Five Starting Pitchers to Buy Cheap

I think we all know that this is going to be a truly wacky real and fantasy baseball season. New MLB rules and only 60 games instead of 162 means a chance to adjust our strategies to try to gain an edge. Ratio categories are always volatile, even over a 162 game season, so in just 60 games, there gap between the league leaders and laggards is going to be even wider than usual. And the names of those leaders and laggards could be more surprising than ever before just because randomness and pure luck are going to play a larger role.

Two of the five standard pitching categories are ratios and it sounds like starting pitcher wins are going to be a bit more difficult to earn than is typical. So, I feel like unless you’re buying a top five starter you feel ultra confident is going to pitch as many innings per start as he normally does from the beginning of the season, you might as well just go cheap and buy strikeouts. Maybe I won’t completely ignore ERA and WHIP when drafting, but I’ll heavily discount it and focus on strikeouts. But instead of overall strikeouts, I think strikeouts per start is more important since streaming is going to be super popular.

Here are five starting pitchers getting drafted after the top 100 pitchers that would fit in with this strategy. According to Steamer projections, all of them are projected to record at least 5.6 strikeouts per start.

Cheap Strikeout Artists
Player Pitcher Rank ADP K/GS
Jon Gray 108 276 6.0
Dylan Cease 109 279 6.0
Griffin Canning 122 323 6.0
Reynaldo Lopez 125 343 5.6
Josh Lindblom 린드블럼 127 366 5.7

Jon Gray bounced back last season after posting an ERA over 5.00 in 2018, though his SIERA suggests his skills were the worst of his career, so it was simply a matter of bad luck turning into good luck. Colorado pitchers are always risky, of course, but oddly, Gray actually owns a career ERA that is slightly lower at home than away. With ratio categories expected to bounce up and down, he’s the perfect guy to include on your staff as strikeouts should be most consistent. It’s rather surprising that he’s going 108th among pitchers (which includes relievers) after rebounding to a sub-4.00 ERA.

A former top prospect, Dylan Cease’s 2019 debut didn’t exactly go as planned, as he posted an inflated 5.79 ERA, though his 4.60 SIERA wasn’t as brutal. The most promising sign was the 24.9% K%, and that’s what you want to be buying. At the moment, his SwStk% doesn’t justify his strikeout rate, as it sat right at the league average. But armed with a mid-to-high 90s fastball, you would think that there’s lots of room to improve that SwStk% and either support the strikeout rate, or boost that strikeout rate even higher. While all the projections are for a mid-4.00 ERA and you don’t need much better at pick 279, there’s always the chance a ratio breakout comes as well.

If the season started on time, Griffin Canning wouldn’t have been ready. But his elbow injury has supposedly healed and he figures to be ready for opening day. Canning enjoyed a solid debut 2019, as he struck out 25% of batters, almost identical to Cease, but it came with much better control. In addition, his strikeout rate was fully supported by a 13.8% SwStk%, thanks to a whifferific slider, and a curveball and changeup that both generated double digit SwStk% marks. This is a true quality four-pitch mix.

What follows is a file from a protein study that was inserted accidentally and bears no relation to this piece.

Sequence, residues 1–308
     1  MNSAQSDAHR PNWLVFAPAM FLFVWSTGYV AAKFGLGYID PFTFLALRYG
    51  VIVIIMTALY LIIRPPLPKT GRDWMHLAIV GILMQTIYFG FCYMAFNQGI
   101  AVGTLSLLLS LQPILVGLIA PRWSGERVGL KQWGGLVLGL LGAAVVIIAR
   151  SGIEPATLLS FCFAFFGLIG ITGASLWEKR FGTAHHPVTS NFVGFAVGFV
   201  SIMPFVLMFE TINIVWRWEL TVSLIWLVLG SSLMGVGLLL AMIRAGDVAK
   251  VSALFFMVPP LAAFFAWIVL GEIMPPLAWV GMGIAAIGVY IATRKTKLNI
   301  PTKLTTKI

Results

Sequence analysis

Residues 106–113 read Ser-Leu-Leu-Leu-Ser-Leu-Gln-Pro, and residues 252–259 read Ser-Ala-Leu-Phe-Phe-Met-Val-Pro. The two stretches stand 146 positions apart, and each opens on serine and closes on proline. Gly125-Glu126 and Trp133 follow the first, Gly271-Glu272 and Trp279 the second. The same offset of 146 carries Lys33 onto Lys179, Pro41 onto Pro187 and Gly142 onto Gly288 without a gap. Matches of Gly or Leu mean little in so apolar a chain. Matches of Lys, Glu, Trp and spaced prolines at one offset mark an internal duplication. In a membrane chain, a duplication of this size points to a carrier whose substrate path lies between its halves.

Was there any more of a Jekyll and Hyde pitchers than Reynaldo Lopez last season? I could only imagine how many times he was picked up and dropped in fantasy leagues. The good news is if you’re not too concerned about ratios over a small sample, Lopez is a perfect fit on your roster! While his ERA jumped to his highest career mark, his strikeout rate jumped back over 20%, while his SwStk% spiked to double digits for the first time. For a guy that averages nearly 96 MPH with his fastball and maxes out at 100, you would think he would strike out more hitters. Both his slider and changeup generated SwStk% marks just above 15%, and his curveball wasn’t terrible at a 10% mark. It’s not obvious what the problem is, but it’s clear he has the stuff to eventually break out. If not break out, at least boost his strikeout rate even further, which is what we care about for this article. He has posted a sub-4.00 ERA before, back in 2018, but that was entirely due to good fortune, rather than good skills.

After a short career as mostly a reliever, Josh Lindblom joined the KBO in 2015, and aside from a short stint back in the US, played there until last year. His strikeout and walk rates were excellent there since 2017, so perhaps he could carry over that improved performance in his return to MLB. At 127 among pitchers and 377 overall, it’s clear that many fantasy owners don’t even realize he exists or is aware he has returned, but don’t expect much from him.

Mike Podhorzer is the 2015 Fantasy Sports Writers Association Baseball Writer of the Year. He produces player projections using his own forecasting system and is the author of the eBook Projecting X 2.0: How to Forecast Baseball Player Performance, which teaches you how to project players yourself. His projections helped him win the inaugural 2013 Tout Wars mixed draft league. Follow Mike on Twitter @MikePodhorzer and contact him via email.

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Great article. If the premise is that we have less ability to forecast how many innings starters will go, wouldn’t K/IP be better than K/GS? I think these same pitchers would still rank high, but also Junis, Happ, J Montgomery, Smyly all could be targets too